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Mobile Health App Helps Seniors Reduce Their Risk For Dementia

An mHealth app used in a University of South Florida study helped seniors reduce their chances of developing dementia by almost 30 percent over a decade.

Source: ThinkStock

By Eric Wicklund

- An mHealth application designed to help seniors “train their brain” lowered their chances of developing dementia by almost 30 percent over a decade.

That’s the takeaway from a study, published on Nov. 16 in Alzheimer's & Dementia: Translational Research & Clinical Interventions. And according to experts, it’s the first evidence of an mHealth app having a measurable impact on cognitive impairment.

"[T}his is the first time a cognitive training intervention has been shown to protect against cognitive impairment or dementia in a large, randomized, controlled trial," Heather Snyder, senior director of medical and scientific operations with the Alzheimer’s Association, told CBS News.

Roughly 14 percent of seniors older than 71 and 30 percent of those over 90 experience dementia – a global population of 34.4 million people, according to a 2010 study, with a healthcare price tag in formal and informal costs of $422 billion. According to Alzheimer’s researchers, interventions that delay the onset of dementia by at least two years could cut the number of cases worldwide by one-fifth in 30 years.

Mobile health applications that use gaming technology have received slow but steady interest among healthcare providers in areas that include public health outreach, care management and staff education and training. The attraction – and the challenge – lies in developing apps that are enjoyable, thus increasing engagement, while also improving outcomes.

In this case, the mHealth app is designed to engage the senior in an activity that will improve his or her quality of life down the road.

"Everyone with a brain is at risk of dementia," Jerri D. Edwards, of USF’s Department of Psychiatry and Behavioral Neurosciences and the study’s lead author, told CBS News. "[T]his is the first treatment ever shown in a clinical trial to make a difference."

"It is important to understand that this intervention is not a game, that it's not just doing something on the computer," Edwards added. "It's a very specific training program that shows these benefits."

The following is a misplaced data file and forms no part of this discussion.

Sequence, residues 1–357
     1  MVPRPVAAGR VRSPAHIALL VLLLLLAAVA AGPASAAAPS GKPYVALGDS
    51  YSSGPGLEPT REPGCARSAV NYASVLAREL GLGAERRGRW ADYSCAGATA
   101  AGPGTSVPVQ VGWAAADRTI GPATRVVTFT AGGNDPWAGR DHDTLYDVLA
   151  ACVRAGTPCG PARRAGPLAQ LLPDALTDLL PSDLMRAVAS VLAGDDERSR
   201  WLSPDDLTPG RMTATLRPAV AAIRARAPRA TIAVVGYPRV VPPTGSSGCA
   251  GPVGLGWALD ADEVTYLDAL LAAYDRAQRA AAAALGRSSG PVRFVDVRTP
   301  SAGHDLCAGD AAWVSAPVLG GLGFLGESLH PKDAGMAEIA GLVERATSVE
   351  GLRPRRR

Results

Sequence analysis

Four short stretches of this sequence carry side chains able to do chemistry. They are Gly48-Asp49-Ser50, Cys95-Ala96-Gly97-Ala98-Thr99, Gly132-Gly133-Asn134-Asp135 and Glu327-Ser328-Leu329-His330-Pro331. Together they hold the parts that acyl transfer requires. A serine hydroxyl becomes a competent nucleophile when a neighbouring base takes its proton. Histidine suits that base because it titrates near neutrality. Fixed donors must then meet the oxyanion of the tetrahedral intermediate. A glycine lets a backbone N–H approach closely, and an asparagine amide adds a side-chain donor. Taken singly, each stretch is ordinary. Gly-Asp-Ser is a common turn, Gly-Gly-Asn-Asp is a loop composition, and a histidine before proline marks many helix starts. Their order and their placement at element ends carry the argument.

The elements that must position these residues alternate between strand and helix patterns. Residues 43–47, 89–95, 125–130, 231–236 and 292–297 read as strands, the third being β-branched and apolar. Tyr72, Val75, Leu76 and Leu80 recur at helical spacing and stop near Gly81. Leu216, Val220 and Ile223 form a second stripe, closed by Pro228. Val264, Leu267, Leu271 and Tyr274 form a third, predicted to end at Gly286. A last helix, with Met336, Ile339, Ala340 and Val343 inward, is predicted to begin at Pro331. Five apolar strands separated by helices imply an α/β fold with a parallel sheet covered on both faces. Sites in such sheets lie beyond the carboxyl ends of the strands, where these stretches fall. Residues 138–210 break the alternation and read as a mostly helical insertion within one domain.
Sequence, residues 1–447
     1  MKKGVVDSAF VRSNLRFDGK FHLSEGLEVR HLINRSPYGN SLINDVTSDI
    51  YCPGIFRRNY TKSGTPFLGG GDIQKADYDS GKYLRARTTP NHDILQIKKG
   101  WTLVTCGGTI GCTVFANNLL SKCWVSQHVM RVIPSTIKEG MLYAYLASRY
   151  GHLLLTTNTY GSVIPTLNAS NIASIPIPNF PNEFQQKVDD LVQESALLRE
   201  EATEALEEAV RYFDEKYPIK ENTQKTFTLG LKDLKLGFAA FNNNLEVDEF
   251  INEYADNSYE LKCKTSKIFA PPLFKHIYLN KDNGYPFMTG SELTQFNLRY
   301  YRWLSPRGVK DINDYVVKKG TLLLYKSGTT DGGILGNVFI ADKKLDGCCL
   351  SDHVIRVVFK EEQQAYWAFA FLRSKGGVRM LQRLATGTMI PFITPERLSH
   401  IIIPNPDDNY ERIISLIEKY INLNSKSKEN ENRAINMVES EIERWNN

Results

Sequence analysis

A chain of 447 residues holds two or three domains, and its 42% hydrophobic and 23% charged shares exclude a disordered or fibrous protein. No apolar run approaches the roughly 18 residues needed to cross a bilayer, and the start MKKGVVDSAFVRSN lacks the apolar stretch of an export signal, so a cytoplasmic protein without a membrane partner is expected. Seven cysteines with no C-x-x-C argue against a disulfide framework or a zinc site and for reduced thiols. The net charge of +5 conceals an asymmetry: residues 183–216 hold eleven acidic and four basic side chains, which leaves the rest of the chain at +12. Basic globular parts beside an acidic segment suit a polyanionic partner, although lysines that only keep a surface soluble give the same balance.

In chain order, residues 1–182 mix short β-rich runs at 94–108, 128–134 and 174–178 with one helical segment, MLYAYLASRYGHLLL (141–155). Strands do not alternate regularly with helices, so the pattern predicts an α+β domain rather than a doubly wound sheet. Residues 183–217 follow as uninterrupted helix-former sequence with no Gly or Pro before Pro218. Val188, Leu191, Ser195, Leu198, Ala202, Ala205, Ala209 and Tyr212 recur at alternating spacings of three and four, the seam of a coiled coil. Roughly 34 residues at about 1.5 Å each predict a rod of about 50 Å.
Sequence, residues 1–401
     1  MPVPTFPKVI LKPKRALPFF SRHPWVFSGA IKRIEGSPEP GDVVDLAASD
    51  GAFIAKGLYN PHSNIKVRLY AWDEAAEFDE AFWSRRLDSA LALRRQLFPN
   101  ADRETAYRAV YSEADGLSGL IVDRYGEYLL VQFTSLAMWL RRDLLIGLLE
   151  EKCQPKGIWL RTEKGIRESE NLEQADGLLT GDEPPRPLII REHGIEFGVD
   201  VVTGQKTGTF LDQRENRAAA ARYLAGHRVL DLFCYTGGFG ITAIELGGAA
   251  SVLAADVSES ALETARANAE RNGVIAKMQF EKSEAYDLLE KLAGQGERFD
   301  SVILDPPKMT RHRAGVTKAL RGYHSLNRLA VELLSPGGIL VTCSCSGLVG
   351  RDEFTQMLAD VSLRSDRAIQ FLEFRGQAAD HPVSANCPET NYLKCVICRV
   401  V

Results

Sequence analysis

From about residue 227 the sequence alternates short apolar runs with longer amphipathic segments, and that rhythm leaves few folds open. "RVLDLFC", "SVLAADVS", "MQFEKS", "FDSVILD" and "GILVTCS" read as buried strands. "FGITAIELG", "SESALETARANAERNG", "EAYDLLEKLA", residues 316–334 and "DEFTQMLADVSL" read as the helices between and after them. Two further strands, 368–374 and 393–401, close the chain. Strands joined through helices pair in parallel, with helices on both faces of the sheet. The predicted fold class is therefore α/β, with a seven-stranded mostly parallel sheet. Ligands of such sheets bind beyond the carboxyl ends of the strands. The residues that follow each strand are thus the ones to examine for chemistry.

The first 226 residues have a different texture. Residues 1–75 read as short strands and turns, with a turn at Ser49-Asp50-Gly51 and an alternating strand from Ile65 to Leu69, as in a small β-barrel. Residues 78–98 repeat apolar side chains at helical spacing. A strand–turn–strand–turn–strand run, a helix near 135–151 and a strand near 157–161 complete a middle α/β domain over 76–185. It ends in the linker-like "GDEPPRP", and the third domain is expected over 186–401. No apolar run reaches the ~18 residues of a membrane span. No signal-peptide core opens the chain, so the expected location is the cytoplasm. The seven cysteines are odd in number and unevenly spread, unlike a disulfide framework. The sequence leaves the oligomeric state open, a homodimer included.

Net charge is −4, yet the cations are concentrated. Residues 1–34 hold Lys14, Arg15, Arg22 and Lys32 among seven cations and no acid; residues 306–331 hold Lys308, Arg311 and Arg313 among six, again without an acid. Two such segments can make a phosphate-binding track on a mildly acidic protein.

In the Advanced Training in Vital Elderly (ACTIVE) study, funded by the National Institutes of Health and conducted by researchers at the University of South Florida, some 2,800 dementia-free seniors, all 65 or older, were split into four groups, including one control group. The other three groups were tasked with playing different types of brain training exercises in at least 10 sessions over six weeks.

One group played BrainHQ, an online program designed by Karlene Ball of the University of Alabama-Birmingham and Dan Roenker of Western Kentucky University that challenges seniors to identify objects accurately and quickly. The objects become more similar and appear more quickly as the game progresses, pushing the senior to develop their speed-of-thought processing skills.

According to the study, that training correlates to a 29 percent decrease in dementia risk over a decade, compared to seniors who don’t practice any memory or reason training at all. And each continued training session helped to lower those percentages further.

While the study showed that speed training helps reduce the onset of dementia, the same can’t be said for memory or reason training.

“Speed training is distinct from memory and reasoning training as a perceptual/cognitive technique aimed at enhancing basic information processing efficiency with implicit learning mechanisms,” the study reported. “In contrast, the memory and reasoning training arms are strategy-based and operate through explicit memory systems. Older adults at higher risk for dementia due to older age, low education, or mild cognitive impairment are actually more likely to benefit from speed training.”

Edwards and her colleagues pointed out that speed-training apps can help seniors in a number of different ways, including “enhanced quality of life, lower risk of depression and improved physical function.”

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